A Brief Survey of IoT Solutions for Agriculture

Internet of Things enabling increased visibility into what drives agriculture.

The farming industry has seen rapid advancements in productivity over the last century. Over this period, technologically advanced nations have gone from allocating a majority of their workforce to farming to allocating only a small minority. Advanced nations have leveraged machines to remove much of the manual labor, pesticides to combat pests which lower crop yields, and fertilizers as a kind of steroid to boost growth rates, yield, and keep soil fertile over time. While these advancements have been huge boons to the industry, as a society we still face a 70% increase in consumption of food by the year 2050 according to a report from the Food and Agriculture Organization of the United Nations. 1 We can view the past advancements in farming as a kind of brute force method to improve crop yields. The main motivators were based on ideas that were apparent upon inspection and borrowed from other industries. For example, the idea to use machines to replace manual labor in the field does not take much imagination and was in use throughout the economy during the industrial revolution, granted that the construction of these machines is complex.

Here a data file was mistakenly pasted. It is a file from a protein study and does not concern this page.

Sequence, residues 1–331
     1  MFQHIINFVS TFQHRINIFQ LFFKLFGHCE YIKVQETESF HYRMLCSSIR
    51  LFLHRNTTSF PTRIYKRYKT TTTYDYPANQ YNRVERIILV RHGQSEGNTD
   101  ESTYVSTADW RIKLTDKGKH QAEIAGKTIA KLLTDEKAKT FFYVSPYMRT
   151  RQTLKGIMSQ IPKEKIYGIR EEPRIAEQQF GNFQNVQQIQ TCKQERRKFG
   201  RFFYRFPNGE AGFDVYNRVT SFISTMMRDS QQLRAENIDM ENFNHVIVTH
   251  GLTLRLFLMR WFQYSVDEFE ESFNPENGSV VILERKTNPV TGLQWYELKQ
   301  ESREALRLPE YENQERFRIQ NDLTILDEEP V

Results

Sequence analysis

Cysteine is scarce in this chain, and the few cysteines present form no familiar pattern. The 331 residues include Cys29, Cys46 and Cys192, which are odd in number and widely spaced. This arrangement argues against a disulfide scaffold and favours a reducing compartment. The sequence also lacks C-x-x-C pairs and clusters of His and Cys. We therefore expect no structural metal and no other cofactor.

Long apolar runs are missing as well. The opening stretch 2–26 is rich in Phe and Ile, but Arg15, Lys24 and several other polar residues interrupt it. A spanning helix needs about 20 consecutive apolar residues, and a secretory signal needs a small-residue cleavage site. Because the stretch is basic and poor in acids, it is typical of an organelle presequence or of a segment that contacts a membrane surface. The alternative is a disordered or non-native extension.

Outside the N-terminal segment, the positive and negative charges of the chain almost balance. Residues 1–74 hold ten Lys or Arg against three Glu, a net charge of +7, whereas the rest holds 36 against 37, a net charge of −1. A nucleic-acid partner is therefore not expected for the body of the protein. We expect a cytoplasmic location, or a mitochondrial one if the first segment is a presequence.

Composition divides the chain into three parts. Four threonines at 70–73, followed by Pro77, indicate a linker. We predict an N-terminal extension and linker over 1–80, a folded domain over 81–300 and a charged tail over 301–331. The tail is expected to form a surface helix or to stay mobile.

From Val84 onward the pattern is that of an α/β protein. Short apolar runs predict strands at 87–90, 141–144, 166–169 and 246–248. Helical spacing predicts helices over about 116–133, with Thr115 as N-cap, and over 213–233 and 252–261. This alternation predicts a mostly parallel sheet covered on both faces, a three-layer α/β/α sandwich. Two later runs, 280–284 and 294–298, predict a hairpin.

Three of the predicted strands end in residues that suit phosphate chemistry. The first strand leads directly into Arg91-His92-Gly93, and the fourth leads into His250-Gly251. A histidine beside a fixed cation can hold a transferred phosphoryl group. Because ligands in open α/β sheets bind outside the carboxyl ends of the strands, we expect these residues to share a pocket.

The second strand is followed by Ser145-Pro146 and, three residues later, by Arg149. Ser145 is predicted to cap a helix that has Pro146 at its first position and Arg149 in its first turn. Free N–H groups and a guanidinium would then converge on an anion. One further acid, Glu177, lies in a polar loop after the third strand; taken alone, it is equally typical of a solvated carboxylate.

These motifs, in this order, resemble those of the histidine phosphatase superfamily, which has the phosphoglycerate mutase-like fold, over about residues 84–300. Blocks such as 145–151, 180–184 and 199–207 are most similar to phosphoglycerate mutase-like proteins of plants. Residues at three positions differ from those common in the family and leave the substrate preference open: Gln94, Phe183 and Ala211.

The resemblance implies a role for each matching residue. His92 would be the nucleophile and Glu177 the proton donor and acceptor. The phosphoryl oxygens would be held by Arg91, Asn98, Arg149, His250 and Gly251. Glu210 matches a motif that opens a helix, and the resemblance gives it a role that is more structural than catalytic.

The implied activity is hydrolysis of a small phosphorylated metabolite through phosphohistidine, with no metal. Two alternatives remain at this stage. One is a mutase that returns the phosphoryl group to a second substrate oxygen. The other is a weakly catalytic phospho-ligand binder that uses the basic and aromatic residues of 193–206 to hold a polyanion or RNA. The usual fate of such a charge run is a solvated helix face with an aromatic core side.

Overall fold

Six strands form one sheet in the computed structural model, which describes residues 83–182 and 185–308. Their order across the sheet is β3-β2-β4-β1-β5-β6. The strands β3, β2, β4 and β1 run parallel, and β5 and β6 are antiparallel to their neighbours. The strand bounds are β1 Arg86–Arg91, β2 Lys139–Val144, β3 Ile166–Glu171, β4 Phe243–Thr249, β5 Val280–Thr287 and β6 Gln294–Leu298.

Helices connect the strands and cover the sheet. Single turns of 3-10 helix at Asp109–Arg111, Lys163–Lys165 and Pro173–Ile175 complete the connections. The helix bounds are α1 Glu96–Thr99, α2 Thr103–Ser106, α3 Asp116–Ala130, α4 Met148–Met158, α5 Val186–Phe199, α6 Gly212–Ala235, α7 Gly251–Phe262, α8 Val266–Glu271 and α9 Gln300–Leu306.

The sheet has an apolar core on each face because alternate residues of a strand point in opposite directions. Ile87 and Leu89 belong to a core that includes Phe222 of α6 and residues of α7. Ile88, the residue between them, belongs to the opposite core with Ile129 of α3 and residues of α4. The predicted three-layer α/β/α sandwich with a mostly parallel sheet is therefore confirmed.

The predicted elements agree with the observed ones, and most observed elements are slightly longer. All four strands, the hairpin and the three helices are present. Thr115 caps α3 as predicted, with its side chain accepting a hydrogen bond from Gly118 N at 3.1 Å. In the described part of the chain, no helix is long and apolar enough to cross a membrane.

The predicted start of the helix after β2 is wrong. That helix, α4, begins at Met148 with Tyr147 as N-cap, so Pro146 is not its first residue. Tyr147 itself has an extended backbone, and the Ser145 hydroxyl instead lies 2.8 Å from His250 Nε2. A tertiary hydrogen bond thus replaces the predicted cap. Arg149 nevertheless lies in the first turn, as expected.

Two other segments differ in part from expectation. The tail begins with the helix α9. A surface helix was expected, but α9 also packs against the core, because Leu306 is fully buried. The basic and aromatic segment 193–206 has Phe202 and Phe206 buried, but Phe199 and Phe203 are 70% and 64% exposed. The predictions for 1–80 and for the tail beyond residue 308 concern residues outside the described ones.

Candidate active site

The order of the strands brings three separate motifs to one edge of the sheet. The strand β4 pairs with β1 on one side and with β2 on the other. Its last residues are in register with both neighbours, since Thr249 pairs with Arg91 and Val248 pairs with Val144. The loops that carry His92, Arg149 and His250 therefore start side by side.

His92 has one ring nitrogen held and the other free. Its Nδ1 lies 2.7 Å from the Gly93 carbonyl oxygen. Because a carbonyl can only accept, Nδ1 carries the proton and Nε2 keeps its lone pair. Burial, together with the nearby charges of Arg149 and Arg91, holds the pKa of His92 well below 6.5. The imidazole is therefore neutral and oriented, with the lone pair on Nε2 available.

However, future improvements must come from a more evidence based approach. We will need to harness the invisible (at least to the naked eye) data that drives crop yields such as sunlight, soil conditions, precise water delivery, and localized genetic properties. A great example of such an effort is the suite of products offered by Kaa.2 Kaa provides a software development kit (SDK) to integrate data from connected objects, such as sensors, with back-end infrastructure commonly referred to as servers. The customer base for such applications is huge as it includes virtually all farmers on the planet that aim to use technology to increase yields.

While it is straightforward to purchase and place sensors to monitor soil attributes, moisture, and sunlight, it can be difficult to aggregate this data and then make informed decisions based upon this data. Kaa enables a user to develop a system to perform A/B testing, remote device configuration, real-time device monitoring, and aid in the collection and analyzation of sensor data. This kind of functionality and ease of use is key for developers. As more developers work with such tool kits the prices of software suites will come down. This will increase adoption for farms under family operation which still constitute a substantial number of commercial farms.